Hogrogian grew up in the Bronx borough of New York City. Her parents were artists and she earned a bachelors degree in fine arts from Hunter College. By 1960, her woodcut illustrations were published in the "King of Kerry Fair" by Nicolete Meredith. 

Her career as an illustrator includes work in Sorche Nic Leodhas' 1965 book "Always Room for One More" and Hogrogian's 1971 picture book "One Fine Day." 

Hogrogian's confidence in her artistic ability was shaken at a young age. 

"I went through school as an artist, but I had a teacher who taught oil painting, and every time I started a painting he would take the brush from me and cover my canvas," she said. "I got so paralyzed that I couldn't paint and then one day my brother-in-law told me I should just start again. I told him I didn't know what to do and he said 'just start.'"

Hogrogian followed that advice and what emerged was painting that still hangs prominently in the couple's living room today.

"That picture fell out," she said, pointing to the painting. "What it is, is my background. It's my people coming through Armenia, through the massacres, coming down into America. The ones who survived were my immediate family."

The painting depicts Turkish soldiers pushing people out of the country, and includes an image of Hogrogian's grandfather being struck during the exodus. 

"I never felt that way on the surface, but that image is what fell out of me," she said. "I'm going to put it in the show at the library because David asked me to feature it."

Hogrogian and Kherdian have been frequent collaborators throughout nearly 50 years of marriage. They lived in New Hampshire for two years in the early 1970s, when Kherdian served as the state's "poet-in-the-schools." A joint collection of the couple's work can be found in the state's university library.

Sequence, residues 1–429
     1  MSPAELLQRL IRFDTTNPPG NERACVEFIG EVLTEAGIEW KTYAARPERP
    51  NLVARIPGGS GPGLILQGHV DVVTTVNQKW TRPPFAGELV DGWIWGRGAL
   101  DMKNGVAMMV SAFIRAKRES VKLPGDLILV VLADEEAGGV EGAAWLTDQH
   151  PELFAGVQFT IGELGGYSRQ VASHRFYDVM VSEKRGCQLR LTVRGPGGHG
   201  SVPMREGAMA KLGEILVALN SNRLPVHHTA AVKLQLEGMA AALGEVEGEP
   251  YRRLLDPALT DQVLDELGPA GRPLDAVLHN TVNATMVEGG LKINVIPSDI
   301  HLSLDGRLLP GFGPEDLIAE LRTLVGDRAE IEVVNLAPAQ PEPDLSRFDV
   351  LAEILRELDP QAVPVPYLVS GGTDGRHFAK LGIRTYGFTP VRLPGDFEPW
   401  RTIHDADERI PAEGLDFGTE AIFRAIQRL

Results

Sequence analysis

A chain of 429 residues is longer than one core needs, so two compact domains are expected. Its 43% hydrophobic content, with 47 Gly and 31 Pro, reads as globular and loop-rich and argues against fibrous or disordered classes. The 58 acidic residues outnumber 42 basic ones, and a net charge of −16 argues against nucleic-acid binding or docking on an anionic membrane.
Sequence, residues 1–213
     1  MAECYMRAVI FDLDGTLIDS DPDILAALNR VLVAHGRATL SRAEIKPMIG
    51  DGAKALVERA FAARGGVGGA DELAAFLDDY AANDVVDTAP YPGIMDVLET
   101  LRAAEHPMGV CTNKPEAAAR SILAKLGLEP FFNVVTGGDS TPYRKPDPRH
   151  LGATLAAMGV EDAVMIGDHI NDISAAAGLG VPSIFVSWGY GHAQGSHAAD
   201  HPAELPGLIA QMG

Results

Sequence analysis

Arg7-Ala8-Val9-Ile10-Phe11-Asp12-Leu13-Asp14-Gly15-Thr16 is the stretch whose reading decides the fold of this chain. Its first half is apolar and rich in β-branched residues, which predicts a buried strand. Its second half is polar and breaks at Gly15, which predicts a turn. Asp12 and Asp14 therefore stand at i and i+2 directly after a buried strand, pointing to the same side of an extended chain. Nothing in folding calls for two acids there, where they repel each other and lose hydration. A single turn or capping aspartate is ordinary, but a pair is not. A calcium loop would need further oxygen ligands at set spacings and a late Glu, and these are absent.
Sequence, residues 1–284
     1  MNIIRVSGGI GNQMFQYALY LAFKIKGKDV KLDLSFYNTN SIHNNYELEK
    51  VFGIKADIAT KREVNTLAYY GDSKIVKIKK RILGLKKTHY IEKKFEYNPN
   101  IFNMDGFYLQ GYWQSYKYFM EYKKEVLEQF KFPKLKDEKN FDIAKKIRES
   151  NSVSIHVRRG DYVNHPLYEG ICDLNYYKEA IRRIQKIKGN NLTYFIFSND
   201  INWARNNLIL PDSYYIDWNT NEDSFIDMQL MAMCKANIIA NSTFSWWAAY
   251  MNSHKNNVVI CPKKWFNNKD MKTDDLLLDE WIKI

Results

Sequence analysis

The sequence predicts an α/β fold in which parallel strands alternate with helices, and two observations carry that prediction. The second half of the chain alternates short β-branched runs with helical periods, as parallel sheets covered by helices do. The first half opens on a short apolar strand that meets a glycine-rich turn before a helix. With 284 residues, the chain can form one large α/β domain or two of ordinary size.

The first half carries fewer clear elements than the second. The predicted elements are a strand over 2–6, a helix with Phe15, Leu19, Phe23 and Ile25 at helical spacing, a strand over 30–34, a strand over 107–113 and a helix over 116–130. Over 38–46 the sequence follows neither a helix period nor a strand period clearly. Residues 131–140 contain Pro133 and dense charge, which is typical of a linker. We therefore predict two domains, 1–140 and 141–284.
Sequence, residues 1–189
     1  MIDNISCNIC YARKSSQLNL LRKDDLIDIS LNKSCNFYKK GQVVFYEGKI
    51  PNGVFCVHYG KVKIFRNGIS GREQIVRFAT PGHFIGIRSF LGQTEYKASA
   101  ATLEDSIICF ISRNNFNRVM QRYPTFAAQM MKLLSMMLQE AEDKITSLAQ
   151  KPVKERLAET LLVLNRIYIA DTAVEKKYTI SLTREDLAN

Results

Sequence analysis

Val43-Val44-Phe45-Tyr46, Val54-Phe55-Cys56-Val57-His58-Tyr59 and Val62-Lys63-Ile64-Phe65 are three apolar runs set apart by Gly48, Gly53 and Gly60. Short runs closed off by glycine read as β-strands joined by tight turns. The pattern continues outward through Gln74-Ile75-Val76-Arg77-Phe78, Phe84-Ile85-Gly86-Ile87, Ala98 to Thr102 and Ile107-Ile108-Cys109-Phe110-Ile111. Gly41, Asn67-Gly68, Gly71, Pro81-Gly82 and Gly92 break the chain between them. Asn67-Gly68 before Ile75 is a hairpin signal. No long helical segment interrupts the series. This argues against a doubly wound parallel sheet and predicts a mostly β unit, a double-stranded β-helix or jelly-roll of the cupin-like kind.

"We've each published about 75 books," Kherdian said. "We've been editor and art director for three different journals and we've had three small presses over the years. We did it all, and it was a labor of love."

While both have been semi-retired for years, they're energized by the move to their new home. 

"We walk around Lake Tomahawk almost every morning," Hogrogian said. "We love it here."

The setting has been a source of inspiration for Kherdian.

"I've started a new book of poems," he said. "I'm going to call it 'Black Mountain Melody." I've already written 16 poems; I wrote three yesterday."

Once the book is released, it will represent the seventh decade in which Kherdian's work has been published. 

As the couple continues to settle into their new hometown, they are eager to share their work and stories during the upcoming event. 

"I'll read and then Nonny will come up and we'll just take questions," Kherdian said. "People can ask whatever they'd like to know."

Hogrogian and Kherdian have participated in several of the informal sessions in the past, but this experience will be slightly different. 

"We're old now," Kherdian said. "We're not as busy as we once were, so we're happy to have a chance to meet the community and share our stories."